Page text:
I achieved pure cheese on that title didn’t I? Haha. I am running around like a crazy person today. My coworker is coming into town for 24 hours to work on a project, and since I never have people over, I tend to go a bit overboard when it comes for preparing for their arrival. I have cleaned my entire house, I planned an easy dinner that I wouldn’t have to worry about and I’m hoping that if I pee the dogs every 15 minutes, we won’t have any phantom pee in the kitchen this afternoon.
Last night while I was working, Neil disappeared to the kitchen for a bit and came back and told me dinner was ready for the crock pot. I didn’t give it much thought until this morning when I looked in the fridge and saw that he had pre-cut and seasoned all the veggies and the roast was thawed and ready to go. He even put the chicken stock in a pot to finish thawing. It saved me so much time.
I’m never one to boast, but man, Neil is the best.
So we haven’t blogged in over a week. I blame myself mostly. Life has been so crazy, literally non-stop, yet until a few days ago, none of it was really blog-worthy? I don’t know quite how to explain it. Bloggers, tell me, does this every happen to you? There’s so much going on, but none of it can be told with any sense of logical narrative, and it just feels too varied to consume logically?
After spending the weekend with my brother in Omaha (now two Sunday’s ago — ugh), I headed to Lincoln for a three day meeting with my coworkers. It was my hope to maybe explore the Lincoln CrossFit scene or kind of explore the town and tell you about it, but I literally worked from the time I woke up to the time I collapsed into bed each night. Definitely not blog-worthy. I drove home late Wednesday night and spent a few days at home catching up on even more work before packing up yet again and leaving for Springfield with Neil and the pups.
You see, back in February, we bought tickets to see Eddie Vedder in Tulsa. I’m a huge fan of his, so you can imagine how excited I was. Then, a few weeks before the show, the entire tour was postponed because Eddie sustained some nerve damage to his hand and couldn’t play. We were given the option to get a refund for our tickets, but opted to hold onto them instead and attend the shows rescheduled for a few days ahead of Thanksgiving, knowing we’d be in Springfield for the holiday and it would be a fun way to belatedly celebrate our sixth anniversary (we mark our relationship anniversary more significantly than our wedding anniversary — quite simply we’re just more attached to it).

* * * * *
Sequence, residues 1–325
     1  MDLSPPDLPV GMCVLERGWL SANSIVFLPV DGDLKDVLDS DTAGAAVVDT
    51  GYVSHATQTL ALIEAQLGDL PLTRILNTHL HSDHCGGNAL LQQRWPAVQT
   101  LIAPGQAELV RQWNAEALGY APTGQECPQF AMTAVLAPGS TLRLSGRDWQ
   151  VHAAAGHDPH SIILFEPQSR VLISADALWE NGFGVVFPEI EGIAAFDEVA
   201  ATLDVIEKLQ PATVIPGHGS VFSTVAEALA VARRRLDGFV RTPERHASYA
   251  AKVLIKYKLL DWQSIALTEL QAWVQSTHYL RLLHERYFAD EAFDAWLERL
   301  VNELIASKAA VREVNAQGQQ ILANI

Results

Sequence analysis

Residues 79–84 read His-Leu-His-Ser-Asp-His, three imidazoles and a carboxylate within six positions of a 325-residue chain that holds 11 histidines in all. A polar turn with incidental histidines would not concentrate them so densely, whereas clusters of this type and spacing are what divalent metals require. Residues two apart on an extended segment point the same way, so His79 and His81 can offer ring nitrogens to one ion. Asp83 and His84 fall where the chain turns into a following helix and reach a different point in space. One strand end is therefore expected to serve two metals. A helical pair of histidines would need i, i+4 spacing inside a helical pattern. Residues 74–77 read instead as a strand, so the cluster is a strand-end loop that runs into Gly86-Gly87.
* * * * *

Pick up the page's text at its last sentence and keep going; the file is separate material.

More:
So off we went to Tulsa Monday morning, leaving the pups in the care of Neil’s parents. We sprung for a room at The Mayo, a gorgeous old hotel downtown, conveniently close to the Brady. The rooms were absolutely gorgeous, and our corner room sported an awesome double-paned view.
After checking in, we grabbed lunch at The Atlas Grill, a tiny diner tucked into the back of the Marriot, and then spent a few hours lounging before the show. The Brady is an incredible venue. Big enough, but completely intimate, as it was designed and well broken in by the time microphones became commonplace. We picked up tour shirts and a poster for our loft and settled into our balcony-level seats.
A few minutes later, a woman approached us, obviously with the band, and offered us upgraded floor seats. We said yes, thinking we probably scored something in the middle set of seats. However, upon closer inspection, they were for the front row! I felt kind of sheepish, as we weaved through the crowd, passing people who we knew had paid twice what we had, but once we were at the front, I could only think of how close I was going to be to Eddie once he started playing. Hey, everyone has to have that one thing/person they are kind of fanatical about right?
Glen Hansard was the opening act. I’d only heard his biggest hit, “Falling Slowly“, but in all honestly I actually prefer the rest of the library so much more. He’s a great entertainer and amazingly talented musician and I will definitely be listening to much more of him now for sure.